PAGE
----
The three mast clipper Hurricane was constructed in Glasgow in 1853 as one of the first iron hulled sailing vessels.  In her day the Hurricane was one of the fastest clippers on the Australian run.  Her maiden voyage from Glasgow to Melbourne was completed in 87 days, and the return voyage to London took only 83 days. During her heyday she should make the trip in a little over seventy days.

In 1856 she was refitted with an auxiliary steam driven screw and continued operating.  Her final voyage was from Liverpool to Melbourne with 2000 tons of general cargo and 19 passengers.  On 21 April 1869 she struck Corsair Rock while entering Port Phillip Heads.  She tied to make Capel Bay but settled off Arthurs Seat.  Her passengers and crew were rescued by the tug Titan.

The Hurricane entered Port Phillip Heads under full sail early in the morning, making about 11 knots up the channel.  She grazed Corsair Rock, but the action was slight and had little apparent effect until the pilot was informed of water rapidly coming in through the hawser holes.  An eye witness described a volume of water almost as thick as a man’s thigh coming in with the force of an immense cataract.

As the ship settled, two boats were got out and an orderly evacuation took place.  The bow settled forty-five minutes before the stern ports reached the waterline, and the ship sank straight down.

The ships agents, Messrs Dickson, Williams and Co of Queen Street, had been informed by telegraph that the Hurricane was floundering, and sent the steam tug Titan from Queenscliff to investigate.   The Titan was the first vessel on the sea and took the Hurricane’s passengers and crew aboard.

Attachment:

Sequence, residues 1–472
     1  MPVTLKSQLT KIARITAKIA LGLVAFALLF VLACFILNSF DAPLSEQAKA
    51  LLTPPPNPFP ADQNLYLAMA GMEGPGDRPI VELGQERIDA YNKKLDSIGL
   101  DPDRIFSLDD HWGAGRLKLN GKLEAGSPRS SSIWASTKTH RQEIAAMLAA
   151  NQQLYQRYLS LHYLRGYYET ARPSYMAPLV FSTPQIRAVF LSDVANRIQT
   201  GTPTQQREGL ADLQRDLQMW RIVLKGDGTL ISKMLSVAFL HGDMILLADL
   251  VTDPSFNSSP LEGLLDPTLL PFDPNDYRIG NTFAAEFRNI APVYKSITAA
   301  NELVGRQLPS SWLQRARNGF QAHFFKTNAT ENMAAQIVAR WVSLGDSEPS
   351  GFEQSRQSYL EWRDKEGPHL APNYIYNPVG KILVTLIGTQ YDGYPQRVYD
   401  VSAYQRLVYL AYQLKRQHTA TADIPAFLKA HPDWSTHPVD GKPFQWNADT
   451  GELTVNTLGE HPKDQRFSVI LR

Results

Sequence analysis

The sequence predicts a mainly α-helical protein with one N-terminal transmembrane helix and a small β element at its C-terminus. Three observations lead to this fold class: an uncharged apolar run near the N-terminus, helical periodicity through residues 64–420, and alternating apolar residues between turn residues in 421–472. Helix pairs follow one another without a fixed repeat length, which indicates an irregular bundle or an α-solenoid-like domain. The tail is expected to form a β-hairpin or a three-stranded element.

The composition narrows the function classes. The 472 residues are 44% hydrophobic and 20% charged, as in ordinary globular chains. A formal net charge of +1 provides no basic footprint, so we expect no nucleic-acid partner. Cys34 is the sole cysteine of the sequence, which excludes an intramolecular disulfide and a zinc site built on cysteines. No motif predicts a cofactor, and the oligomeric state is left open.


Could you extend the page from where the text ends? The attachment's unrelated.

The wreck was blasted as a navigational hazard and is now spread over a large area.  The stern is the most prominent feature and rises three meters from the sand. 

References
“The wreck of the Hurricane”, Gippsland Times, 27 April 1869, page 3.

MY Isis Wreck

Depth (10m | 33ft) |
Wooden motor yacht, constructed 1892 wrecked in gale 1932
  • Constructed 1892 in Sydney, Australia.
  • Two masted motor yacht, wood construction.
  • Tonnage 71, length 25.7 meters, beam 4.1 meters, draft 2.9 meters.
  • Torn from mooring at Frankston and swept onto reef 10 May 1932.

On Thursday 10 March 1932 the Isis was moored at Frankston with her owner, captain and engineer sleeping aboard.  At 12:30am gale force winds between 60 and 70 miles an hour dragged her anchor and, the crew being unable to weight anchor under the strain, dashed her stern first onto a sandbank 300 meters from the beach at Mornington Road Frankston.  By 2:15am the Isis began to break up and the three men took to the boat.

Only the boiler and engine remain above the sand, although there are signs of some structure remaining below the sand.

References
“Yacht Isis total wreck” The Advertiser (Adelaide), 11 March 1932, page 19.

HMAS J1 submarine wreck

Depth (38m | 125ft) |
Wreck of J1 submarine, served in British Navy for WW1, gifted to Australia and scuttled 1926.
  • Constructed 1915 at Portsmouth Naval Dockyard, England.
  • Diesel-electric submarine, speed 9.5 knots submerged 19.5 knots surfaced, range 4,000 miles at 12 knots, complement 5 officers 40 sailors.
  • Tonnage 1,820 (submerged) 1,210 (surfaced), length 84 meters, beam 7 meters, draft 4.9 meters.
  • Scuttled off Barwon Heads on 26 May 1926.

The J Class submarines were designed by the British admiralty early in WW1 partly out of a desire for submarines with sufficient surface speed to work with the fleet, and partly in response to what later proved to be false rumours of German submarines able to manage surface speeds of up to 22 knots.  Seven J Class boats were built, their unique feature being a triple drive shaft.